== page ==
The best of the best: a review of select retina case reports published in 2015
Digital Journal of Ophthalmology 2016
Volume 22, Number 4
December 31, 2016
|This review article highlights 4 case reports published in 2015 that provided substantive contributions to the field of retina. The first describes postoperative hemorrhagic occlusive retinal vasculitis, a newly described and visually devastating complication of cataract surgery. The second discusses ocriplasmin as a novel treatment for foveal schisis in patients with X-linked retinoschisis. The third describes a case of retinal toxicity from sertraline, a common psychiatric drug often sold as name brand Zoloft (Pfizer Inc, New York, NY). The last article shares 10-year results from a blind patient who received the Argus I retinal prosthesis.|
|The study of vitreoretinal disease is both complex and fascinating. Case reports and case series are a means by which clinicians can share clinical experiences in managing retinal disease. By sharing our clinical experiences from individual patients, we begin the process of describing new diseases, new medications, and new surgical techniques. To obtain a list of published reports, we performed a MEDLINE search for case reports with the keyword retina. In 2015 there were 195 publications meeting these criteria. We selected 4 articles that highlight interesting developments in the field of retina.|
Postoperative hemorrhagic occlusive retinal vasculitis
Hemorrhagic occlusive retinal vasculitis (HORV) is a visually devastating entity that occurs rarely after cataract surgery. First described in 2 patients (4 eyes) by Nicholson et al in 2014,(1) HORV presents as a severe hemorrhagic vasculitis several days to several weeks postoperatively. Fluorescein angiography can reveal dramatic peripheral nonperfusion from occlusive vasculitis. For most patients with HORV the visual prognosis is poor.
Witkin et al reported a series of 11 eyes from 6 patients with HORV from multiple clinical sites; this small case series represents the largest one to date of this rare condition.(2) The patients all underwent uncomplicated cataract surgery with use of intracameral vancomycin and had good vision on the first postoperative day. From 1 to 14 days after surgery, patients presented with painless vision loss from HORV. All patients within this series received aggressive systemic and topical steroids. Seven eyes developed neovascular glaucoma, 4 eyes required vitrectomy surgery, and all eyes needed treatment for retinal ischemia with either panretinal photocoagulation or intravitreal anti–vascular epithelial growth factor medication, or both. Of the 11 eyes in the series, 8 (73%) were left with visual acuity of 20/200 or worse; 4 of 11 eyes (36%) had no light perception.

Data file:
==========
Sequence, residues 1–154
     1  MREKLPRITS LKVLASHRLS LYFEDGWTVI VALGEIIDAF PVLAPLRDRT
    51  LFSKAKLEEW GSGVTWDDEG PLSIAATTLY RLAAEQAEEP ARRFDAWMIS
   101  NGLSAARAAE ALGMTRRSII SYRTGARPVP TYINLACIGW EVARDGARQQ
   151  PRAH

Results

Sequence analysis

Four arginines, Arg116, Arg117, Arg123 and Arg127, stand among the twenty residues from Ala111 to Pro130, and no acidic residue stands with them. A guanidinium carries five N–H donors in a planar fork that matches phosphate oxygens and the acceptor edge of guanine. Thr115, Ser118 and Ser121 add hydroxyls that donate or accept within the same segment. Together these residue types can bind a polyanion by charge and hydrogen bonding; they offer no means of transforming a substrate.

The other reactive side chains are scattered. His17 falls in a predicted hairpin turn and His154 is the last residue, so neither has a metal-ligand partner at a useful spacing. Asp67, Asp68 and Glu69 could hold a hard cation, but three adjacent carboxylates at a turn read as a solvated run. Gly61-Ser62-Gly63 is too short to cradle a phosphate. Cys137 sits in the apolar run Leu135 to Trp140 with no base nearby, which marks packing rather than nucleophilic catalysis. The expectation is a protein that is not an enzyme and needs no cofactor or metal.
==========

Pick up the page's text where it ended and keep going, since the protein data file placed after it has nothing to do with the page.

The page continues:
The authors hypothesize that the pathophysiology of HORV may be related to a possible immune reaction to intracameral vancomycin. They suggest avoiding intracameral vancomycin in an effort to prevent HORV or delaying cataract surgery in the fellow eye at least 2-3 weeks if surgeons use intracameral vancomycin. The American Society of Retinal Specialists’ Research and Safety in Therapeutics Committee is collecting suspected cases of HORV to better understand this devastating condition (http://www.asrs.org/forms/4/asrs-adverse-event-report-form).
Use of ocriplasmin for foveal schisis in X-linked retinoschisis
X-linked retinoschisis (XLRS) is a macular disorder affecting young males. Defects in cellular adhesion proteins results in early retinoschisis formation, both within the macula and periphery. As foveal schisis progresses, the macula can degenerate and affect visual acuity. Currently treatment for foveal schisis from XLRS is limited to use of topical dorzolamide and surgery with pars plana vitrectomy with internal limiting membrane peeling and gas tamponade.
Patel and Morse present the case of a 27-year-old man with a history of XLRS and significant foveal schisis, causing 20/150 vision in both eyes.(3) The authors attempted topical dorzolamide treatment without success. The authors reviewed evidence suggesting the development of a posterior vitreous detachment (PVD) correlated with improvement in macular thickness. Thus, they elected to use 125 µg of intravitreal ocriplasmin to induce a PVD and relieve vitreomacular adhesion. On follow-up, they reported a significant reduction in central macular thickness, from 731 µm to 185 µm, 1 week after injection. This was not associated with any visual improvement, presumably due to functional damage to the macula from chronic foveal schisis. Interestingly, 1 month after injection there was a recurrence of the foveal schisis with a central macular thickness of 612 µm. This case report supports the hypothesis that vitreomacular traction may play some role in foveal schisis in patients with XLRS, and opens up a new avenue of research with pharmacologic vitreolysis.
Bull’s eye maculopathy in a patient taking sertraline
Sertraline is a commonly used psychiatric medication without significant known ocular side effects. Within the United States, sertraline is the third most prescribed psychiatric medication.(4)